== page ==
What is Negligence Per Se in a South Carolina Car Accident
Negligence per se is defined as an act that is negligent because it violates a law that has been designed to protect the public. Some examples of laws that apply to car accident cases that might bring rise to a negligence per se cause of action are: speeding, blood alcohol content limits for drivers, running a traffic light or stop sign, or following too closely. Negligence per se is different than the regular negligence claim in that the “duty” and “breach” elements are virtually eliminated. In other words, one does not need to demonstrate how the at-fault driver’s conduct was careless if you are relying on negligence per se.
In a car accident case, that means you do not need to show how the other driver fell short of the appropriate duty of care. Either the law was violated or it was not. If the law was violated, the discussion moves to whether the violation was the proximate cause of damages.
Proving Negligence Per Se
Proving a negligence per se claim in a personal injury case usually means the plaintiff needs to establish the following:
1. That the at-fault driver violated a law (speeding, DUI, etc)
2. That the intent of the law that was violated was to prevent the injury that ended up occurring as a result of the accident, and
3. That the injured person is counted in the class of people the law was intended to protect.
What are the damages for negligence per se?
An at-fault driver can be held liable for actual damages (medical bills, property damage, pain and suffering, etc) and, possibly, punitive damages. If the violation of a South Carolina statute constitutes negligence per se, the negligence per se is some evidence of recklessness and willfulness that requires submission of the issue of punitive damages to the jury. This means you may be entitled to more money to punish the at-fault driver.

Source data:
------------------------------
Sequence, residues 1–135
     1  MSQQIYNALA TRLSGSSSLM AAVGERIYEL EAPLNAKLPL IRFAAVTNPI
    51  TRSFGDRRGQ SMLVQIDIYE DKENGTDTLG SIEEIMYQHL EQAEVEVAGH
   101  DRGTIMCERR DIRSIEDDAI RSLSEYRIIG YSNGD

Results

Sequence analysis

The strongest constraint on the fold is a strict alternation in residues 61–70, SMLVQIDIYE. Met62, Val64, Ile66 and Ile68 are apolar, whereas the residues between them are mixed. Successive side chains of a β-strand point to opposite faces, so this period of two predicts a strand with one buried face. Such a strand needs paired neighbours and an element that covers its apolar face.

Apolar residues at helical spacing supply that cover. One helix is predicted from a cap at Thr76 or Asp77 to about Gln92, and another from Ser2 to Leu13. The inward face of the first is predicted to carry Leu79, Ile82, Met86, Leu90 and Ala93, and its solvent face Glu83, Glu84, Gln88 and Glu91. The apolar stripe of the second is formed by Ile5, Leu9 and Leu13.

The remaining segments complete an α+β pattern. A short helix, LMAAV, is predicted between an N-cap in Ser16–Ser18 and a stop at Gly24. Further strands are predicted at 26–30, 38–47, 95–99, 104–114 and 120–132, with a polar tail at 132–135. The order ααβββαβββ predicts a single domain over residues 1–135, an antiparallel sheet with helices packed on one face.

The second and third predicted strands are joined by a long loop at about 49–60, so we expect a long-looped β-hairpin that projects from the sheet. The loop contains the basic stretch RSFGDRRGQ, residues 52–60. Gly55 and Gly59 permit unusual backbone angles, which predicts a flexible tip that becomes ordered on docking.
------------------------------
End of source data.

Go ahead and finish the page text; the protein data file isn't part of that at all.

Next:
If you would like to speak with a lawyer regarding your car accident case, please call Venus Poe at 864-963-0310.
The information you obtain in this article is not, nor is it intended to be, legal advice. You should not read this article to propose specific action or address specific circumstances, but only to give you a sense of general principles of law. Application of these general principles to particular circumstances must be done by a lawyer who has spoken with you in confidence, learned all relevant information, and explored various options. Before acting on these general principles, you should hire a lawyer licensed to practice law in the jurisdiction in which you may have a case.